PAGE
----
- Women Prefer Strong Men: Hanging around Angel and Doyle has ruined her for preening, rich day trader types. (No comment on Wesley.)
- You Are Worth Hell: Literally, and on multiple occasions.
"Notice no matter how uptown we go we always wind up at some stanky hole in the middle of the night?"
Played By: J. August Richards
Orphaned at a young age, Gunn finds himself living on the streets of LA and fighting vampires to survive, eventually forming his own crew of youths from similar backgrounds. After Angel helps the crew out in a turf war against a gang of vampires, Gunn in turn helps Angel and co. in a number of situations, slowly moving away from the streets and becoming a part of Angel Investigations. Street-wise and an accomplished fighter, Gunn nevertheless harbours insecurities that he is nothing more than 'dumb muscle.'
Krevlornswath "Lorne" of the Deathwok Clan, also known as The Host
"Always leave 'em wanting more, kiddo. That's the rule."
"So I am covered in cherries. The police are just pounding on the door, and Judi Dench starts screaming, "Oh, that's way too much to pay for a pair of pants!""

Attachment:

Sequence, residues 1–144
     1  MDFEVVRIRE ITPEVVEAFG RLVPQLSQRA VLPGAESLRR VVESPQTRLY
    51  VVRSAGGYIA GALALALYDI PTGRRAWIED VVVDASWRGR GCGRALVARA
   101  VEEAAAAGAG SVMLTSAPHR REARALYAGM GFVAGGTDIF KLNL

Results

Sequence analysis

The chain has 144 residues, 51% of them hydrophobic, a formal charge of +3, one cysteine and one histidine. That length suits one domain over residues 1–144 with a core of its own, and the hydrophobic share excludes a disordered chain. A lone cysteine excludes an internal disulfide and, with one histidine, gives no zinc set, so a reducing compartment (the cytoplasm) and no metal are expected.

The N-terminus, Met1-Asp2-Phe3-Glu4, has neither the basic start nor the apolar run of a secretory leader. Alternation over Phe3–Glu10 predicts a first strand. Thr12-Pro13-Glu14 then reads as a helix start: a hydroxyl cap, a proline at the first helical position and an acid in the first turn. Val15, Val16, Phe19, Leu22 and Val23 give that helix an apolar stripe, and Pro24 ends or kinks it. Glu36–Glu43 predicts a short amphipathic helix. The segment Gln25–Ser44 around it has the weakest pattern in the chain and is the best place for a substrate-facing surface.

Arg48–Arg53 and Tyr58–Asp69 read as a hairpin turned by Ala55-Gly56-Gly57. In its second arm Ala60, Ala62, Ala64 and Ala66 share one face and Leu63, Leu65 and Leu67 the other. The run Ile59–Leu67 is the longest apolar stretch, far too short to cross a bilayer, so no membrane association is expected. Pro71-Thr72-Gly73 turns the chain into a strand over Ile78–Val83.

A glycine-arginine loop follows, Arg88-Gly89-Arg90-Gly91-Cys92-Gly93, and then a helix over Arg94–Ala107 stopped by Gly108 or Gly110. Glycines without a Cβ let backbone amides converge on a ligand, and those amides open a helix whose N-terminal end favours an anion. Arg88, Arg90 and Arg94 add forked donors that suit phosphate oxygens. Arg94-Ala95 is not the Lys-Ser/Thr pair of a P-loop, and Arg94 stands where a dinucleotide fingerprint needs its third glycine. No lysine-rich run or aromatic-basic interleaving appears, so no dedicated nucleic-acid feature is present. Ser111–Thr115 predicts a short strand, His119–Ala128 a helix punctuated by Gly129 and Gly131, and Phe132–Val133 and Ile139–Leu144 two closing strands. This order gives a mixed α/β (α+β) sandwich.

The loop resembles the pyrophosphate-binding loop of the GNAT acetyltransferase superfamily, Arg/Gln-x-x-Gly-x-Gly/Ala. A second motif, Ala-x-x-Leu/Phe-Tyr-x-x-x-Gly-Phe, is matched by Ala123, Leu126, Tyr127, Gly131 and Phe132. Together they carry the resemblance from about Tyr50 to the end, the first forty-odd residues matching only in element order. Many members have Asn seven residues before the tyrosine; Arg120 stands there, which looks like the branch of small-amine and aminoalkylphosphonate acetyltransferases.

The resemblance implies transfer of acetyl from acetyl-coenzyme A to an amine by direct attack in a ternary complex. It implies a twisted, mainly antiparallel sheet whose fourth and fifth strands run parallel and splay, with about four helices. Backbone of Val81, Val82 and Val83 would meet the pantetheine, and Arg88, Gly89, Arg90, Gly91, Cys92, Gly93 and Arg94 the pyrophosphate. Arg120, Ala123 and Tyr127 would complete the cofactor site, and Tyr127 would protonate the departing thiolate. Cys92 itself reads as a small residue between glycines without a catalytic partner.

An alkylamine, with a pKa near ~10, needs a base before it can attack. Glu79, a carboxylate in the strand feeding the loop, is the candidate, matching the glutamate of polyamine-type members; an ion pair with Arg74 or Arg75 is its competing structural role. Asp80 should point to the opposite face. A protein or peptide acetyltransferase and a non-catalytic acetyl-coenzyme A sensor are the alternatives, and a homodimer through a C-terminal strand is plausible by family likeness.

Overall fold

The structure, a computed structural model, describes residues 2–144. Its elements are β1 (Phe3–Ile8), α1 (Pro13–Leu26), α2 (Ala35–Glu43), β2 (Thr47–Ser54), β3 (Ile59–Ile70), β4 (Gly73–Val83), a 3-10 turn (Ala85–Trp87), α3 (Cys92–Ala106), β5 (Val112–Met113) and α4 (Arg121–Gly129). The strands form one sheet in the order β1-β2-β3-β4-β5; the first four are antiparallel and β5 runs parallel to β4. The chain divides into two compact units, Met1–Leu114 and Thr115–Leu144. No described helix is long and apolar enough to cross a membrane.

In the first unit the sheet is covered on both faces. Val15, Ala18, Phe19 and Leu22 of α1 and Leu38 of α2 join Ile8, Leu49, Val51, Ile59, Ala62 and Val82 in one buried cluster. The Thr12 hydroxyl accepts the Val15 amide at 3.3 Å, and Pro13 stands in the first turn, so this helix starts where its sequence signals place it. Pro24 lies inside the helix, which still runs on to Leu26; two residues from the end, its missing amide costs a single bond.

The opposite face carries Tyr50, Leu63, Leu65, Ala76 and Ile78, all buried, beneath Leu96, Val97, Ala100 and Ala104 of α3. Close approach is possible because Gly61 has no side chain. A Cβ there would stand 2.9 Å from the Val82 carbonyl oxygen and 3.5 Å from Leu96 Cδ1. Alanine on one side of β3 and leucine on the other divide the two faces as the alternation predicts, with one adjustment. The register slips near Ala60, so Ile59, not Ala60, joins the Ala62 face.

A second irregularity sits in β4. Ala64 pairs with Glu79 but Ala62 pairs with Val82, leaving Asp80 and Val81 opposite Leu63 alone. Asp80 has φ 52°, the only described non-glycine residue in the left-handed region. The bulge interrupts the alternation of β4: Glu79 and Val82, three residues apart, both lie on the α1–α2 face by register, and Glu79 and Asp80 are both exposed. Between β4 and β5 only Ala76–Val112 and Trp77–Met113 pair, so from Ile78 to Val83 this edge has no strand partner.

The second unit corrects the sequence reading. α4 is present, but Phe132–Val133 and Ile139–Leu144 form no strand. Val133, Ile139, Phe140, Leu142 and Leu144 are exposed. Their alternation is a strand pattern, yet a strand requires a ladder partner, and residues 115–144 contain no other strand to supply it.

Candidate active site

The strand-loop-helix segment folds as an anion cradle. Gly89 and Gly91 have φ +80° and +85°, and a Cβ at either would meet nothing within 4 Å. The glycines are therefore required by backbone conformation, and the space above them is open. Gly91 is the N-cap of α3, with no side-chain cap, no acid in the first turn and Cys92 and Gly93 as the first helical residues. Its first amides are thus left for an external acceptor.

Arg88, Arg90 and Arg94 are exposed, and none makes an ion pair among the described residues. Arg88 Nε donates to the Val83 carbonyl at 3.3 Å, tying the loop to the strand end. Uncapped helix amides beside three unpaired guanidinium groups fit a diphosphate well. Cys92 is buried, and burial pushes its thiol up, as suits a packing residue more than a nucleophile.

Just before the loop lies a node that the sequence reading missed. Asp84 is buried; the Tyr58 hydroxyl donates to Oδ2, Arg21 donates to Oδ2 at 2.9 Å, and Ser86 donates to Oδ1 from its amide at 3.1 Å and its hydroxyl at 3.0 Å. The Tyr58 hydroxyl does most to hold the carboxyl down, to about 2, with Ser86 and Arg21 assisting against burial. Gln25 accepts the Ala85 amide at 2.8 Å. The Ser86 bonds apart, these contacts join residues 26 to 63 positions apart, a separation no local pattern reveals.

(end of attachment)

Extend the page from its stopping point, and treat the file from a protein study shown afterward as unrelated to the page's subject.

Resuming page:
Demonic nightclub owner with the face of Quentin Tarantino
, and the dress sense of Liberace
. Born in another dimension, Lorne rejected its Proud Warrior Race Guy
culture, becoming a pariah. He was overjoyed, then, when he fell into a portal and found himself in Los Angeles. Setting up a karaoke bar on the spot, he brands it a sanctuary, where violence between demons is impossible. Lorne is an empath
, who can read people's destinies when they bare their souls — that is, when they sing. He uses this to help people by setting them on their true path. Lorne tries to maintain a neutral stance, but finds himself being drawn into Angel Investigations and eventually becomes a full-fledged member of the team.
- Actual Pacifist: To the extent that killing Lindsey McDonald under Angel's orders, an act the complete opposite of his pacifistic nature, is one of the implied reasons he developed cancer in recent comics.
- Amazing Technicolor Population: Green skin with red horns. He is from another dimension.
- And There Was Much Rejoicing: When he disappeared from Pylea, everyone feasted for weeks because they assumed he had committed ritual suicide.